The SNARE protein family of Leishmania major

Besteiro, S., Coombs, G.H. and Mottram, J.C. (2006) The SNARE protein family of Leishmania major. BMC Genomics, 7(250),

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Abstract

<b>Background</b> <i>Leishmania major</i> is a protozoan parasite with a highly polarised cell shape that depends upon endocytosis and exocytosis from a single area of the plasma membrane, the flagellar pocket. SNAREs (soluble <i>N</i>-ethylmaleimide-sensitive factor adaptor proteins receptors) are key components of the intracellular vesicle-mediated transports that take place in all eukaryotic cells. They are membrane-bound proteins that facilitate the docking and fusion of vesicles with organelles. The recent availability of the genome sequence of <i>L. major</i> has allowed us to assess the complement of SNAREs in the parasite and to investigate their location in comparison with metazoans. <b>Results</b> Bioinformatic searches of the <i>L. major</i> genome revealed a total of 27 SNARE domain-containing proteins that could be classified in structural groups by phylogenetic analysis. 25 of these possessed the expected features of functional SNAREs, whereas the other two could represent kinetoplastid-specific proteins that might act as regulators of the SNARE complexes. Other differences of <i>Leishmania</i> SNAREs were the absence of double SNARE domain-containing and of the brevin classes of these proteins. Members of the Qa group of <i>Leishmania</i> SNAREs showed differential expressions profiles in the two main parasite forms whereas their GFP-tagging and <i>in vivo</i> expression revealed localisations in the Golgi, late endosome/lysosome and near the flagellar pocket. <b>Conclusion</b> The early-branching eukaryote <i>L. major</i> apparently possess a SNARE repertoire that equals in number the one of metazoans such as <i>Drosophila</i>, showing that the machinery for vesicle fusion is well conserved throughout the eukaryotes. However, the analysis revealed the absence of certain types of SNAREs found in metazoans and yeast, while suggesting the presence of original SNAREs as well as others with unusual localisation. This study also presented the intracellular localisation of the <i>L. major</i> SNAREs from the Qa group and reveals that these proteins could be useful as organelle markers in this parasitic protozoon.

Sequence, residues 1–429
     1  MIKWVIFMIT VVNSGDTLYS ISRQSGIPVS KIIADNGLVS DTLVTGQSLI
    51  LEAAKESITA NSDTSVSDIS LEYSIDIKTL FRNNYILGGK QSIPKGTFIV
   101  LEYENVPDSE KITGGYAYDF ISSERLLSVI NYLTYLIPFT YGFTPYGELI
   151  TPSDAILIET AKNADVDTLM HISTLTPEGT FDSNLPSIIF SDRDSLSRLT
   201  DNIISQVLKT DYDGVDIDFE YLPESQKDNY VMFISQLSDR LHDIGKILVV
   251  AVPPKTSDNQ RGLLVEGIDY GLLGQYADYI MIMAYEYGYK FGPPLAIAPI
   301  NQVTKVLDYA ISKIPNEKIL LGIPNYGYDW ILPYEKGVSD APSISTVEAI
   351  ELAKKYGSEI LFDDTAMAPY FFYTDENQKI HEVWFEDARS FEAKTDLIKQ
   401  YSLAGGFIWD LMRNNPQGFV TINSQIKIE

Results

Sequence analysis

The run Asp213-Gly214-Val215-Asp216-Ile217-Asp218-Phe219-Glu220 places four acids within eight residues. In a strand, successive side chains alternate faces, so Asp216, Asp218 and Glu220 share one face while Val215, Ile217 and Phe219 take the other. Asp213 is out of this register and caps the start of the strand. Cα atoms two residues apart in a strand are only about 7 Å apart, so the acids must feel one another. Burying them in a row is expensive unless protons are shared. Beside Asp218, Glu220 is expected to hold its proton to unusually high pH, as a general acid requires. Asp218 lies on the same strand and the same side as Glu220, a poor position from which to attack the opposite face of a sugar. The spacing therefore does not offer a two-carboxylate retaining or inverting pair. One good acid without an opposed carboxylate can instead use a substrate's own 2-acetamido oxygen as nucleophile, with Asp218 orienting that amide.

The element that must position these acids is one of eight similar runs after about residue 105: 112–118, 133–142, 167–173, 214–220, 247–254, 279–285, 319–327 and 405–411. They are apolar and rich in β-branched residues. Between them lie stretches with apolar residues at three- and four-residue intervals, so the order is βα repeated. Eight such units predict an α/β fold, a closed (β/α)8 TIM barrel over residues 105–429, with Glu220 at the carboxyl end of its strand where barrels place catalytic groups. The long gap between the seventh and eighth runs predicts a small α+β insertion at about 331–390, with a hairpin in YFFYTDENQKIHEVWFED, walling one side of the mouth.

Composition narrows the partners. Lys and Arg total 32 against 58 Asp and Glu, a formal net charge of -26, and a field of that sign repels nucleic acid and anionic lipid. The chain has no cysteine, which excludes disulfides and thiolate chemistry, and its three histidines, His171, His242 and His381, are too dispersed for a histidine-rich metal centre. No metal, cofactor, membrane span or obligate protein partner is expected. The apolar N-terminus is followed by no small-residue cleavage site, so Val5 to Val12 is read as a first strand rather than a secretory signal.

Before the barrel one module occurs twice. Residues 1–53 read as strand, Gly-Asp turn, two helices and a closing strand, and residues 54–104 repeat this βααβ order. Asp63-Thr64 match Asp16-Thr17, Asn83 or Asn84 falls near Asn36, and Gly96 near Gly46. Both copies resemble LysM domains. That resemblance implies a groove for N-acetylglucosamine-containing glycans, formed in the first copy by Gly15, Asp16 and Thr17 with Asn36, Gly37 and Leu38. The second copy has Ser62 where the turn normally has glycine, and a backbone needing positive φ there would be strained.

Item Type:Articles
Status:Published
Refereed:Yes
Glasgow Author(s) Enlighten ID:Mottram, Professor Jeremy and Coombs, Professor Graham
Authors: Besteiro, S., Coombs, G.H., and Mottram, J.C.
Subjects:Q Science > QR Microbiology > QR355 Virology
College/School:College of Medical Veterinary and Life Sciences
College of Medical Veterinary and Life Sciences > Institute of Infection Immunity and Inflammation
Journal Name:BMC Genomics
Publisher:Biomed Central
ISSN:0009-2258
First Published:First published in BMC Genomics 7(250)

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Project CodeAward NoProject NamePrincipal InvestigatorFunder's NameFunder RefLead Dept
297261Post-genomic analysis of cysteine protease function in Leishmania parasitesJeremy MottramMedical Research Council (MRC)G0000508Infection Immunity and Inflammation Life Sciences